5. Not all enslaved people were freed instantly.

Texas is a large state, and General Granger's order (and the troops needed to enforce it) were slow to spread. According to historian James Smallwood, many enslavers deliberately suppressed the information until after the harvest, and some beyond that. In July 1867 there were two separate reports of enslaved people being freed, and one report of a Texas horse thief named Alex Simpson whose enslaved people were only freed after his hanging in 1868.

6. Freedom created other problems.

Despite the announcement, Texas slave owners weren't too eager to part with what they felt was their property. When freedpeople tried to leave, many of them were beaten, lynched, or murdered. "They would catch [freed slaves] swimming across [the] Sabine River and shoot them," a former enslaved person named Susan Merritt recalled.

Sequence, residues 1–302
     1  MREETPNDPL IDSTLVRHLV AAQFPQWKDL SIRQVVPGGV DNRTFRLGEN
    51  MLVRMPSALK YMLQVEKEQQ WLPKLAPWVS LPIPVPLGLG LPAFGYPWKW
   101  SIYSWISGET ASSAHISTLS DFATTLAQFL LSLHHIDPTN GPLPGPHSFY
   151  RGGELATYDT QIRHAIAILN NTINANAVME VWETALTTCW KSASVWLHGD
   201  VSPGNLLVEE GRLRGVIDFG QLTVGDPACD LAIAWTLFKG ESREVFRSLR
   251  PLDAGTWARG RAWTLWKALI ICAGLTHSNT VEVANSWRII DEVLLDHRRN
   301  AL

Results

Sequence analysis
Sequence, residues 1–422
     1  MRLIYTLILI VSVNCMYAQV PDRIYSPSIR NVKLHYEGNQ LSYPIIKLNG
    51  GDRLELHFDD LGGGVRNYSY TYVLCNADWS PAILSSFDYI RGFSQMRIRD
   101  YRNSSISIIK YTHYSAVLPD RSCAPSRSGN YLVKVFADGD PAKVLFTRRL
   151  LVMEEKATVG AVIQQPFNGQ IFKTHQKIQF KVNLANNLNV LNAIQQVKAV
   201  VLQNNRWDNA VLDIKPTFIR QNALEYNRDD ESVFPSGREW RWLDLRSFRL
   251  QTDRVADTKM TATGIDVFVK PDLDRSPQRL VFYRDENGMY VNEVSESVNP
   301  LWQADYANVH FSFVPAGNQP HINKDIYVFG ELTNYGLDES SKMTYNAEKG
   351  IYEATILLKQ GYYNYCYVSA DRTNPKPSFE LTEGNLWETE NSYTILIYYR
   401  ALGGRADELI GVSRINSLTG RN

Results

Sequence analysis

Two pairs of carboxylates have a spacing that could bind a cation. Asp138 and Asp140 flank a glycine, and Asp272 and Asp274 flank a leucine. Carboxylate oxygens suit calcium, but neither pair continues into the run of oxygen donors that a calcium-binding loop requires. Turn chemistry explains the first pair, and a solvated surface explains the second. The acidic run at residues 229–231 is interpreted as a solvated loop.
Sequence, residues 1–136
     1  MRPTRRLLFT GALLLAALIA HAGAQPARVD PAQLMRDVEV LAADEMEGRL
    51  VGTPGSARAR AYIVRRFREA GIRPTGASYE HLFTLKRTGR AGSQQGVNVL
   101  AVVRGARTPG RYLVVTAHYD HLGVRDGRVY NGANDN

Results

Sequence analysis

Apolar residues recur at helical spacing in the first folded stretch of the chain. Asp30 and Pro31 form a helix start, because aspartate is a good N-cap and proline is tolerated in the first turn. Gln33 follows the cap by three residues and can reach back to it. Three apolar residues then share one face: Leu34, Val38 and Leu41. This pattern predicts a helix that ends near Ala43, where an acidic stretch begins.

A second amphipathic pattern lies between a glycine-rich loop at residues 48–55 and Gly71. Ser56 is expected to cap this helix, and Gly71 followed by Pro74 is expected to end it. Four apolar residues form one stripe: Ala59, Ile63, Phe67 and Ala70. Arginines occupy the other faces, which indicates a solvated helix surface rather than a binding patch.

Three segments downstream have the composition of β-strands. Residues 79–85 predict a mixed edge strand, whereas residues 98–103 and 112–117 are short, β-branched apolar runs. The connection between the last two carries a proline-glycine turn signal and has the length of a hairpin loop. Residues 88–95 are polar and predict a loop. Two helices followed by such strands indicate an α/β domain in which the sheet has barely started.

7. There were limited options for celebrating.

A monument in Houston's Emancipation Park.
A monument in Houston's Emancipation Park.
2C2KPhotography, Flickr // CC BY 2.0

When freedpeople tried to celebrate the first anniversary of the announcement a year later, they were faced with a problem: Segregation laws were expanding rapidly, and there were no public places or parks they were permitted to use. So, in the 1870s, former enslaved people pooled together $800 and purchased 10 acres of land, which they deemed "Emancipation Park." It was the only public park and swimming pool in the Houston area that was open to African Americans until the 1950s.

8. Juneteenth celebrations waned for several decades.

It wasn't because people no longer wanted to celebrate freedom—but, as Slate so eloquently put it, "it's difficult to celebrate freedom when your life is defined by oppression on all sides." Juneteenth celebrations waned during the era of Jim Crow laws until the civil rights movement of the 1960s, when the Poor People's March planned by Martin Luther King Jr. was purposely scheduled to coincide with the date. The march brought Juneteenth back to the forefront, and when march participants took the celebrations back to their home states, the holiday was reborn.